Book Summary: Grit by Angela Duckworth
Part I: What Grit Is And Why It Matters
Chapter 1 : Showing Up
In sum, no matter the domain, the highly successful had a kind of ferocious determination that played out in two ways.
First, these exemplars were unusually resilient and hardworking.
Second, they knew in a very, very deep way what it was they wanted.
They not only had determination, they had direction.
It was this combination of passion and perseverance that made high achievers special.
In a word, they had grit.
Chapter 2: Distracted By Talent
The biggest reason a preoccupation with talent can be harmful is simple
By shining our spotlight on talent, we risk leaving everything else in the shadows.
Talent is great, but tests of talent stink.
The focus on talent distracts us from something that is at least as important, and that is effort.
Chapter 3: Effort Counts Twice
Talent is how quickly your skills improve when you invest effort.
Achievement is what happens when you take your acquired skills and use them.
But effort factors into the calculations twice, not once. Effort builds skill.
At the very same time, effort makes skill productive
With effort, talent becomes skill and, at the very same time, effort makes skill productive.
Chapter 4: How Gritty Are You?
Grit has two components: passion and perseverance.
“high but not the highest intelligence, combined with the greatest degree of persistence, will achieve greater eminence than ….
The highest degree of intelligence with somewhat less persistence.”
Chapter 5: Grit Grows
Traits like honesty and generosity and, yes, grit, are genetically influenced and, in addition, influenced by experience
You can learn to discover, develop, and deepen your interests. You can acquire the habit of discipline.
You can cultivate a sense of purpose and meaning. And you can teach yourself to hope.
Part Ii: Growing Grit From The Inside Out
Chapter 6: Interest
Research shows that people are enormously more satisfied with their jobs when they do something that fits their personal interests
If you’d like to follow your passion but haven’t yet fostered one, you must begin at the beginning: discovery.
Ask yourself a few simple questions:
- What do I like to think about?
- Where does my mind wander?
- What do I really care about?
- What matters most to me?
- How do I enjoy spending my time?
Interests must be triggered again and again and again.
The development of interests takes time. Keep asking questions
Chapter 7: Practice
Grittier kids at the National Spelling Bee practiced more than their less gritty competitors.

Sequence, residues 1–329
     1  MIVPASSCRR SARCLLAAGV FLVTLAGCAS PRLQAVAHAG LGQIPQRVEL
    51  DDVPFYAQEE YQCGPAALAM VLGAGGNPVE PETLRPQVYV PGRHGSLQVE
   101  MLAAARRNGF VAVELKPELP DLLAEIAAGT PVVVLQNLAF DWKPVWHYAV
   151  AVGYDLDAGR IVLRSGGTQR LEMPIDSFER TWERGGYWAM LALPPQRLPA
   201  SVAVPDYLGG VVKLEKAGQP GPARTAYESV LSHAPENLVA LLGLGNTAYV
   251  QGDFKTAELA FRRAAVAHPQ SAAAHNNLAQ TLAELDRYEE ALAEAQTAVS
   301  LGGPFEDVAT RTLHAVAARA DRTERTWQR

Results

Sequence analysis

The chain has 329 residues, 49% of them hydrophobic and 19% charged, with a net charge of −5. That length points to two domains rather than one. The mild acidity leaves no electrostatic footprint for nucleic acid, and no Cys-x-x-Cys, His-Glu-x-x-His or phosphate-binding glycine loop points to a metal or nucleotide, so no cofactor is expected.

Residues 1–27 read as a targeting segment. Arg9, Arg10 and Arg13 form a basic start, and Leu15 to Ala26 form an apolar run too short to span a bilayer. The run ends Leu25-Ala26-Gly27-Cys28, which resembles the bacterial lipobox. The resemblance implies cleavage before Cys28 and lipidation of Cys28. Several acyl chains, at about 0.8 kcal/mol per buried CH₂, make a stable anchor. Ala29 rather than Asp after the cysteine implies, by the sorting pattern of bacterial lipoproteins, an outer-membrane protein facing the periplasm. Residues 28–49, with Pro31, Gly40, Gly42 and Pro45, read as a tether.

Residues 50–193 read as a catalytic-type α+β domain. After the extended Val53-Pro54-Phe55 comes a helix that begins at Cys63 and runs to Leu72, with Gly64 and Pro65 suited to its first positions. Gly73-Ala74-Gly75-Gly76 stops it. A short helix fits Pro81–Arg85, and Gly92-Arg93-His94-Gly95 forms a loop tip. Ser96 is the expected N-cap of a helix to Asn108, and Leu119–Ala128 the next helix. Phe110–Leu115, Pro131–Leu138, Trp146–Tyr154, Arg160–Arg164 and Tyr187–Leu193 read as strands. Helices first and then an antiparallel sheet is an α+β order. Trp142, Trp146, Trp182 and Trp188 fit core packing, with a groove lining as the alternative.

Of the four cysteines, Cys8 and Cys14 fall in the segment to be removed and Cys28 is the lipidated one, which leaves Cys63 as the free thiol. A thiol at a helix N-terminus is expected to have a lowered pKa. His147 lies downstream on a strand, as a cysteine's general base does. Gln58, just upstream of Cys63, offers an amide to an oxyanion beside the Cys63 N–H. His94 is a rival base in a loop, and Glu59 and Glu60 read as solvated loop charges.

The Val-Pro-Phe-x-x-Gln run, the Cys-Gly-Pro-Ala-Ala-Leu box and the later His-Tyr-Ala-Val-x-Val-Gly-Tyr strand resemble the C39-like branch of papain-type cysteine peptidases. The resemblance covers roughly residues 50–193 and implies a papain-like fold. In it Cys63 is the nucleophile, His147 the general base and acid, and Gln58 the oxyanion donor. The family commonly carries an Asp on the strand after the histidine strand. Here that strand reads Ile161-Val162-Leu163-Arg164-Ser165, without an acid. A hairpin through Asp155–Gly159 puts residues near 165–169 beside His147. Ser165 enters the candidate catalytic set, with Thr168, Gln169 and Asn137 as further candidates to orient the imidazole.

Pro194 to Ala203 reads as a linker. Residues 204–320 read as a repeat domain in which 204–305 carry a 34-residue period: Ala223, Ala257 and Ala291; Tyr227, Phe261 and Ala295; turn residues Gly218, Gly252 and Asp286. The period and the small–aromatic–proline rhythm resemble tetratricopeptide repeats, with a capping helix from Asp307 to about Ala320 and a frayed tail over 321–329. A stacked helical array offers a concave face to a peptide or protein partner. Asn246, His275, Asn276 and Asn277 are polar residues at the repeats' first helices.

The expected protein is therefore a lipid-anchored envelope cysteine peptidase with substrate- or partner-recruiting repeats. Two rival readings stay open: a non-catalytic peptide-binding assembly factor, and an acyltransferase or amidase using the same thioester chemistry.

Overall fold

Grittier kids reported working harder than other kids when doing deliberate practice but, at the same time, said they enjoyed it more than other kids
“learn to love the burn”
Chapter 8: Purpose
Leaders and employees who keep both personal and prosocial interests in mind do better in the long run than those who are 100 percent selfishly motivated.
Many of those who were driven to help others worked fewer overtime hours
Chapter 9: Hope
One kind of hope is the expectation that tomorrow will be better than today
Grit depends on a different kind of hope. It rests on the expectation that our own efforts can improve our future.
Students with a growth mindset are significantly grittier than students with a fixed mindset.
Asking for help was a good way to hold on to hope.
Part Iii: Growing Grit From The Outside In
Chapter 10: Parenting For Grit
Perseverance and especially passion bloom when children are lavished with unconditional affection and support.
These champions of kinder and gentler parenting advocate big hugs and long leashes and point out that
Children are by their nature challenge-seeking creatures whose innate desire for competence needs only our unconditional love and affection to reveal itself
Post-it notes are no substitute for the daily gestures, comments, and actions that communicate warmth, respect, and high expectations.
Chapter 11 : The Playing Fields Of Grit
Kids who are more involved in extracurriculars fare better on just about every conceivable metric—
They earn better grades, have higher self-esteem, are less likely to get in trouble and so forth.
With practice, industriousness can be learned
Chapter 12: A Culture Of Grit
There’s a hard way to get grit and an easy way. The hard way is to do it by yourself.
The easy way is to use conformity—the basic human drive to fit in—because if you’re around a lot of people who are gritty, you’re going to act grittier.
Chapter 13: Conclusion
You can grow your grit.
You can cultivate your interests.
You can develop a habit of daily challenge-exceeding-skill practice.
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